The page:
What Does a Radiologist Do?
You may never meet your radiologist face-to-face but these highly specialized physicians are vital to your care. Learn more about the role of a radiologist in the following questions and answers.
How does the radiologist help a patient?
Diagnostic radiologists help make diagnoses. Radiologists help other doctors arrive at diagnoses to explain the patient’s clinical symptoms. They are a part of the medical team but are usually "behind the scenes."
When another doctor orders an imaging test on a patient, the radiologic technologist performs the exam, then the diagnostic radiologist looks at the images/pictures obtained to determine if there is anything abnormal. The radiologist then creates a report that is provided back to the ordering doctor, so the best treatment can be provided to the patient.
Sometimes radiologists use imaging to perform diagnostic procedures, like performing a thyroid biopsy using ultrasound guidance or a lung biopsy using CT guidance. This is known as interventional radiology.
Interventional radiologists are specially trained radiologists who not only use image guidance for diagnostic procedures, but also perform other procedures like port placements.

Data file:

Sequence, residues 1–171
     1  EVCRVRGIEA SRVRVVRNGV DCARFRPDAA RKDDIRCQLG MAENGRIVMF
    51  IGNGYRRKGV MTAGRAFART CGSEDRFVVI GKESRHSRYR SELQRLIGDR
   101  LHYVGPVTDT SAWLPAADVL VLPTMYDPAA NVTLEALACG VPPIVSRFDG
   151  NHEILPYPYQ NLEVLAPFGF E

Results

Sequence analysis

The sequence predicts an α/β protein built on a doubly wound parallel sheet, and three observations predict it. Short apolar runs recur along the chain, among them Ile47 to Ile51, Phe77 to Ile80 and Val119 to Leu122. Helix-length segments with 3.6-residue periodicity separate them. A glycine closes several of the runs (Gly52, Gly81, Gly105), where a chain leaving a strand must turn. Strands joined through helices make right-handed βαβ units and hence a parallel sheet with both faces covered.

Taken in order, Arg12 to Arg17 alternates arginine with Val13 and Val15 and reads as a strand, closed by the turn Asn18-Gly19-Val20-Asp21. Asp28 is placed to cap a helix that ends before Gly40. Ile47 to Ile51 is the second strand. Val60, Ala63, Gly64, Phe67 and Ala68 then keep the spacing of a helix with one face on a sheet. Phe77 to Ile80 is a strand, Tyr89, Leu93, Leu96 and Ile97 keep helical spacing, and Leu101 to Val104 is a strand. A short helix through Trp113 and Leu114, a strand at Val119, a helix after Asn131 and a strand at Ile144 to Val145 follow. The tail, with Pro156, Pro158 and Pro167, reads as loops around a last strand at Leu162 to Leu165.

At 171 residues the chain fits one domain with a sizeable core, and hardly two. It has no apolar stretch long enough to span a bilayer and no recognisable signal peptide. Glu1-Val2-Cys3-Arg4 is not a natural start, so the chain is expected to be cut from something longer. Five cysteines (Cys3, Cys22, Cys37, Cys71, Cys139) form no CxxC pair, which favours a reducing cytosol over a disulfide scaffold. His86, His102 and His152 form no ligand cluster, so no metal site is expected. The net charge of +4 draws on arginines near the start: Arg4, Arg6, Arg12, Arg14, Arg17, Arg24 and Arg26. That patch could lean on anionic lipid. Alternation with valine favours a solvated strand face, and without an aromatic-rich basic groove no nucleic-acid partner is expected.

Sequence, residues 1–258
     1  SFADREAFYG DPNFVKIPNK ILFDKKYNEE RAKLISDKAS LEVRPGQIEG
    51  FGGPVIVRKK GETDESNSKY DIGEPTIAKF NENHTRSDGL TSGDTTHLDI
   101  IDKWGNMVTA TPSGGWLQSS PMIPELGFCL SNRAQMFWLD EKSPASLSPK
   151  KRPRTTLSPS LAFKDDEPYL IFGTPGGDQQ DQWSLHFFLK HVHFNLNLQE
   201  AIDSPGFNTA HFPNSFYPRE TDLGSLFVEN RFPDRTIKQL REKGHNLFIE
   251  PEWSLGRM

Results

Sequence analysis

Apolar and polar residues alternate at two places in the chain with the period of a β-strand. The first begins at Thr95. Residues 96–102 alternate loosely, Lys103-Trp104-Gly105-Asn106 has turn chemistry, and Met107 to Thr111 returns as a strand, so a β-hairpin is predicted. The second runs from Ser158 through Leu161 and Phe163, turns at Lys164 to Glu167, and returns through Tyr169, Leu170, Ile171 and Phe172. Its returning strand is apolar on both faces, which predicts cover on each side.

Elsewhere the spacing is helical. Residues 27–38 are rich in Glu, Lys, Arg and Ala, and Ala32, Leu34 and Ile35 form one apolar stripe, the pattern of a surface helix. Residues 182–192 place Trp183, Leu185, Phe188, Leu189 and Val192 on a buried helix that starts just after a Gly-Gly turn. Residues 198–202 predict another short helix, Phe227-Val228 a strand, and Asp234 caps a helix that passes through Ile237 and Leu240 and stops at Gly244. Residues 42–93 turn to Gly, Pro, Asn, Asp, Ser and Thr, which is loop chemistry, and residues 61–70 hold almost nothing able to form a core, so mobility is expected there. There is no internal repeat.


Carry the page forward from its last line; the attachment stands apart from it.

What does a radiologist do?
Many people confuse radiologists with radiologic technologists or sonographers. The technologists are the people specially trained to perform imaging exams. For example, the people who take the X-ray pictures or perform an ultrasound.
However, the radiologist is the doctor specially trained to interpret the images that are taken by the technologist and the imaging machine.
What is a radiologist?
A radiologist is a physician (MD or DO) who attended four years of medical school and five years of residency. Most radiologists have also completed an additional one to two years of fellowship training to focus on one particular area of the body.
Which images do the radiologists interpret?
Radiologists are trained to interpret the images obtained from all diagnostic imaging procedures, including: X-rays, CT scans, MRI scans, mammograms, ultrasounds, PET scans, nuclear medicine scans and SPECT scans.
Depending on the type of imaging study there may be only a few images (pictures) to interpret, or there may be several hundred images. Imaging technology is always advancing with new types of scans or higher resolution images, which is why most radiologists specialize in a particular area of the body. They are an expert in this particular area and keep up with all of new the imaging tests available.